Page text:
Raymond Wiker writes:
> Christophe Rhodes writes:
> > Raymond Wiker <Raymond.Wiker@...> writes:
> > > The actual problem appears to be that run-program in some
> > > cases is unable to detect that an external program has terminated. In
> > > the case of make-target-contrib, the sb-grovel thingy compiles a C
> > > program into an executable named "a.out" (funnily enough :-) and runs
> > > this. sbcl starts to spin, using ~90% of CPU (the rest taken by "top",
> > > in my case), and if I use "ps", I cannot see that "a.out" is running
> > > at all.
> > >
> > > Does this sound familiar to anyone?
> > Vaguely familiar, yes, though I've never seen it break during
> > make-target-contrib.
> This seems quite repeatable on my PowerBook (12" AlBook),
> MacOSX 10.2.8, although it seems to be a Heisenbug - the operation
> sometimes succeeds.
> > This looks like the same thing as bug #190 from the BUGS file, which
> > I've seen on linux/ppc. I've never been able to reproduce it on
> > demand or get very far into debugging it, though.
> It doesn't seem to be related to buffering between the
> subprocess and SBCL - the call from asdf sets up a subprocess to send
> it stdout to a file. Could be that it fills up an stderr descriptor,
> though :-)
> If it's not a buffering issue, then it may be that the wait3
> operation fails. As I said earlier, the process it should be waiting
> for is nowhere to be seen. It may also be spinning somewhere else; I
> can't see any reason that sbcl should use a lot of cpu in wait3 :-)
> > Sorry not to be any more helpful :-/
> Helpful enough - at least I know that others have seen a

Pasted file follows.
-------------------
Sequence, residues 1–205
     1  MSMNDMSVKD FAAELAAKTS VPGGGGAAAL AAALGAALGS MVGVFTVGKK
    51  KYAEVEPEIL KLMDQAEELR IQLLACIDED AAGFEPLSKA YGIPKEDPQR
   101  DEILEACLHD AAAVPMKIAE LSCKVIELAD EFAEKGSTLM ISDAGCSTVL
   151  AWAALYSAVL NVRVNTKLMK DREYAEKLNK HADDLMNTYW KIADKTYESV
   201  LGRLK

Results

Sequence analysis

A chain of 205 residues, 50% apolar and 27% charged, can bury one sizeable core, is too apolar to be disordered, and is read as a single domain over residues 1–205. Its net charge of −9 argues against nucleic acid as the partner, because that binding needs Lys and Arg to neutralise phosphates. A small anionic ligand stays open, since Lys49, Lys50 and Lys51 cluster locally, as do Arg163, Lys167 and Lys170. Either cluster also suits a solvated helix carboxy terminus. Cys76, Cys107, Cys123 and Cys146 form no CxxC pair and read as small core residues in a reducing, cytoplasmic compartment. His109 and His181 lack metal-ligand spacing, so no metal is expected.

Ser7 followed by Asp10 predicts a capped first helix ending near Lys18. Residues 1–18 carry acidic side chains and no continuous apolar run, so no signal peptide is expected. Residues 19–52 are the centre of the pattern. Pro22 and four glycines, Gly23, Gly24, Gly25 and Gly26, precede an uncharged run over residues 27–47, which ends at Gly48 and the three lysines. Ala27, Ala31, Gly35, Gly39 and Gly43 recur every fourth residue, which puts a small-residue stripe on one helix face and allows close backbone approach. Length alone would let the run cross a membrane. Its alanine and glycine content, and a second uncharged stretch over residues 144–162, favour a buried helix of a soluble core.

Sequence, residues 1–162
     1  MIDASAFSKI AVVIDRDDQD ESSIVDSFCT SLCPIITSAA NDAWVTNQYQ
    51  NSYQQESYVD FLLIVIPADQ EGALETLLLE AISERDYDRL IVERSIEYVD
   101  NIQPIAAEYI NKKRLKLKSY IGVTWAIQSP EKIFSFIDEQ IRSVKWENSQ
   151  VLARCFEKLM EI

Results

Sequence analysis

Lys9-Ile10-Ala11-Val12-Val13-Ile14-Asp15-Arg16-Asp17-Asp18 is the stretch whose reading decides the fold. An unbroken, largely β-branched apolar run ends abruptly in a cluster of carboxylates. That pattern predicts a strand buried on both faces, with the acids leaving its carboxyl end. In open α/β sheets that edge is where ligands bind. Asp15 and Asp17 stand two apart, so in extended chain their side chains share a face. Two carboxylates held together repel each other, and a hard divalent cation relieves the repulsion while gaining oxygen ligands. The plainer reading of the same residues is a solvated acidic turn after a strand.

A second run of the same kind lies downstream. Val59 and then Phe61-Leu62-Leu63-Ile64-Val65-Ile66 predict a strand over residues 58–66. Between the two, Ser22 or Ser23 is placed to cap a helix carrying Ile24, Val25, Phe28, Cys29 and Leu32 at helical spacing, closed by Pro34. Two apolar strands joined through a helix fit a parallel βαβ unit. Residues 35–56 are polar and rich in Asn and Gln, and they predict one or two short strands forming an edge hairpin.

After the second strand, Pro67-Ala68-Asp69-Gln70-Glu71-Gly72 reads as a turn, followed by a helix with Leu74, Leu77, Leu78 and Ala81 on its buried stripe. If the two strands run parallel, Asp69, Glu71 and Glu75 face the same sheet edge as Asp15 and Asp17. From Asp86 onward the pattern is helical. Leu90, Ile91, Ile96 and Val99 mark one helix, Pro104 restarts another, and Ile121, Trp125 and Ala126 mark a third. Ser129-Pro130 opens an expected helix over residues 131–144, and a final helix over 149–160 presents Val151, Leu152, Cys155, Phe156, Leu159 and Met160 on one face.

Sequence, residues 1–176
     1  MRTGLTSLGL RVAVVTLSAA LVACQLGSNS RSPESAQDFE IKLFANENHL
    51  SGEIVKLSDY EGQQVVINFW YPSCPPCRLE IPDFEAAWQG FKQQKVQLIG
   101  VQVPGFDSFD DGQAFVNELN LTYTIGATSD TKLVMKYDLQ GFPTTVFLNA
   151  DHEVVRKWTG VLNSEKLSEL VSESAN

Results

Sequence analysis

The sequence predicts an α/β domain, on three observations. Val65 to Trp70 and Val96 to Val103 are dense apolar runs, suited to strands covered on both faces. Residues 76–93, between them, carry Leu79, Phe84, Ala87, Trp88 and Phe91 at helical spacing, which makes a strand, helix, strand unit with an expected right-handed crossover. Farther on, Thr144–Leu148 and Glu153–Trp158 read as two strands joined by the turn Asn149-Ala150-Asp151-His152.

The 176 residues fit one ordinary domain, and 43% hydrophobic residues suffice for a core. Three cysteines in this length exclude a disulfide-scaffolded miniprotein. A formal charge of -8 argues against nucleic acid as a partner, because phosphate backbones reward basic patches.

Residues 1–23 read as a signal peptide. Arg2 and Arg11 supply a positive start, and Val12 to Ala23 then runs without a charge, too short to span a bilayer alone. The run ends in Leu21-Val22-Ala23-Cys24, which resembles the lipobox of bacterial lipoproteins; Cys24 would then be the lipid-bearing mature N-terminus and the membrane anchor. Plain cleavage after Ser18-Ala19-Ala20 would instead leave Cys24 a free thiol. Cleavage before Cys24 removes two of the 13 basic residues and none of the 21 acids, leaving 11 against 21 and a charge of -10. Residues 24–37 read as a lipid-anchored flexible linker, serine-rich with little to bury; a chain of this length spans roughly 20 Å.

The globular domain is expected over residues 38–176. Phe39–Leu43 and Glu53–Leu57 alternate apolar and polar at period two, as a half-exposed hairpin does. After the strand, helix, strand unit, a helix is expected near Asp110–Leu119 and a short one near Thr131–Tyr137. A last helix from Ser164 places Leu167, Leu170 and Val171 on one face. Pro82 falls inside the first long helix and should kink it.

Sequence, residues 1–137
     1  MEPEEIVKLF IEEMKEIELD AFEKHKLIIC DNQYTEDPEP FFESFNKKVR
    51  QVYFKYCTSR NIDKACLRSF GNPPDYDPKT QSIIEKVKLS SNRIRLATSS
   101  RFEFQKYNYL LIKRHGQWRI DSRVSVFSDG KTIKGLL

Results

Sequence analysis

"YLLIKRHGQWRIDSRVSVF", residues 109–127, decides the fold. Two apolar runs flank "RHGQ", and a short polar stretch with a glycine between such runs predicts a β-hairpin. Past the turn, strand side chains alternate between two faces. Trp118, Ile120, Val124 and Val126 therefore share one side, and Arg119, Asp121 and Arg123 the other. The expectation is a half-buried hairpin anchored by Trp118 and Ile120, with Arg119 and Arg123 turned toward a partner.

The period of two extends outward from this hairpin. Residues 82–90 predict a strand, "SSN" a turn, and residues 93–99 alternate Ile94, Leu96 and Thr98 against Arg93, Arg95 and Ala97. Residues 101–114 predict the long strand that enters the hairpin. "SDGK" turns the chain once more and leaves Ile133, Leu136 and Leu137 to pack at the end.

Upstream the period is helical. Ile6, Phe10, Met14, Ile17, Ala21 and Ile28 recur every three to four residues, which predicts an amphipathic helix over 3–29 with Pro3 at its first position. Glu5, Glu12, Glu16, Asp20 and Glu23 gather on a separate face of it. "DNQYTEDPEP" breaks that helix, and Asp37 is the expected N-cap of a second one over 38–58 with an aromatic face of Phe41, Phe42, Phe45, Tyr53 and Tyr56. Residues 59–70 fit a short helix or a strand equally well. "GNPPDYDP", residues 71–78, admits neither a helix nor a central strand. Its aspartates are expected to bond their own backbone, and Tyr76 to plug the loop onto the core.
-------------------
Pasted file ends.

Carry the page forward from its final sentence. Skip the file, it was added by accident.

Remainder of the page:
> problem in this area (actually, I saw something about this on the
> mailing list earlier, and I *should* have checked BUGS before
I've been looking a bit closer at this problem, and it seems
to be related to timing. Consider this little test program:
(defun test-run-program (command &optional (sleep-interval 0) (iterations 50))
(dotimes (n iterations)
(sb-ext:run-program "/bin/sh" (list "-c" command)
:input nil :output *standard-output*)
(format *standard-output* "~&Done.~%"))
If I run this with command = "uname -a", sbcl locks up (actually,
starts spinning) within a few iterations. I suspect that it is
spinning within the following, snipped from src/code/run-program.lisp,
and called from run-program:
(defun process-wait (proc &optional check-for-stopped)
"Wait for PROC to quit running for some reason. Returns PROC."
(case (process-status proc)
(when (zerop (car (process-cookie proc)))
The process status is updated by a sigchld handler, which
is set up by run-program.
I ran it with sleep-interval .25 and iterations 1000, and it
locked up after 509 iterations.
I'm now running it with sleep-interval .3, and it looks as if
it may actually run to completion --- yes, it does, and it even succeeds
if I try again :-)
Looking at src/runtime/interrupt.c, it seems that only 1
signal can be preserved while in a sb-sys:without-interrupts region -
if more than 1 signal is delivered, then the previous signal data will
be overwritten by the latest. This is one possible explanation; I have
instrumented interrupt.c to detect this situation and print out the
old and new values for signal and handler, but I haven't built sbcl
with this yet.
I had a hunch that adding a call to
get-processes-status-changes before or after the call to
serve-all-events may make this code slightly more robust - a missing
sigchld should not stop us from retrieveing the child status via
get-processes-status-changes. Unfortunately, this does not appear to
be the case :-(
This is on a 12" PowerBook G4, 867 MHz G4, 640 MB RAM, MacOSX
Raymond Wiker Mail: Raymond.Wiker@...
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